HARRISON HAMM, Special to The Denisonian—Under normal circumstances, Seyeong Hanlim, ‘23, a political science major from South Korea and Priyanshi Kanoria, ‘24, a communications major from India, would be experiencing the beginning of the semester like the rest of students on the Denison campus. They would be swiping their card at the dining halls and joining clubs. They would see professors and students in classrooms and around campus.
But as is apparent, these are not normal circumstances. Hanlim and Kanoria are like a number of other international students kept home due to the pandemic. Many feel Covid-19’s disruption of interpersonal connections on a deeper level, as they study in their homes, thousands of miles away from Granville.
The vast time difference is one of their most notable struggles. Hanlim lives in Ansan, South Korea, which operates thirteen hours ahead of the Eastern Standard Time Zone, and Kanoria is in Kolkata, India, nine and a half hours ahead. That they each knew the exact hour-difference off the top of their heads speaks volumes. Hanlim says she has to “memorize the time chart between Ohio and South Korea,” which proves to be a constant math puzzle, often resulting in late nights and early wake-ups, and can be found awake at 1 a.m. tuning into a class Zoom.
Hanlim and Kanoria acknowledge that their professors make an effort to accommodate for the time by posting recorded lectures, but asynchronous learning can’t replace the benefits of a teacher introducing the material in real time. Attending class before dawn does no favors to one’s sleep patterns, but watching replays of Zooms or reading directions on Notebowl is also not conducive to the learning process.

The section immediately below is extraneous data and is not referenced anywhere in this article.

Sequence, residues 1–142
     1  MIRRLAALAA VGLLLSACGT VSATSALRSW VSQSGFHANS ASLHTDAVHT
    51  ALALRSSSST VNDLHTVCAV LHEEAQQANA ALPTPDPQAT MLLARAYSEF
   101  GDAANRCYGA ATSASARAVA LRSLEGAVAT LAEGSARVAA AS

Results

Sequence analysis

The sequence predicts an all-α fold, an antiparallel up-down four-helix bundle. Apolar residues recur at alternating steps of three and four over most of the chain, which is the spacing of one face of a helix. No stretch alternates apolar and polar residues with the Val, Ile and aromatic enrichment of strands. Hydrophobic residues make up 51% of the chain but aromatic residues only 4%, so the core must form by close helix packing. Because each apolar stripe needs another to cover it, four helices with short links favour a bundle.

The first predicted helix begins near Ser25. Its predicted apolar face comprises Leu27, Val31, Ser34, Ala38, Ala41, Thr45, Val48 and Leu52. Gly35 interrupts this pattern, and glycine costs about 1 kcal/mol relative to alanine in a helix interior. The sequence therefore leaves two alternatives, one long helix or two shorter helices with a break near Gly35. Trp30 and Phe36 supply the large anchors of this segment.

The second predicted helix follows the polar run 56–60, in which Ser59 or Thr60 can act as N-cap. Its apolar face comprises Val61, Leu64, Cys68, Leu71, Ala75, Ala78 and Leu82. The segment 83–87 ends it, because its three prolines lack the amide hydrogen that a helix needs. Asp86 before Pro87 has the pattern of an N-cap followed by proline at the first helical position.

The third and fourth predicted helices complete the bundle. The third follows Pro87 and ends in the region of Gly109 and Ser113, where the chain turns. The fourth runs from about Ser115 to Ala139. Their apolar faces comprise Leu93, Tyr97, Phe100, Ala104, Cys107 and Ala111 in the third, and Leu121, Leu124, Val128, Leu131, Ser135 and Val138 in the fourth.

For Kanoria, “the key is communication,” citing an issue she resolved by simply speaking to the professor. “He devised a new plan that let me be involved more fully,” adding that “the professors are as new to this as we are, and we need to have mutual respect and understanding for each other, especially given the time difference!”
Furthermore, Hanlim noted that technical problems are common and create a barrier. Professors have various ways of involving remote students, whether through online discussions or Zoom breakout groups. But despite the many options, the experience “doesn’t feel interactive.”
Luckily, signs of community among remote international students have popped up, at least on a small-scale. While it’s difficult to make connections and meet people in these circumstances, Kanoria raves about the “covenant” formed by remote freshmen, through their shared predicament. She says there have been virtual student meetings, and she’s gotten to know people through social media. In addition Denison’s cultural groups connect students of the same nationality.
Eventually, these remote students will return, or arrive for the first time. No one is taking in-person school for granted anymore. Hanlim says that the biggest positive is the safety of her home in a time of crisis, though she did mention that Covid-19 cases are rising in Ansan–“stupid people everywhere,” she says.
Kanoria appreciates the efforts of everyone involved. “All it takes is one encouraging smile or one friendly wave. We are making history and it is our duty to make the best of it!”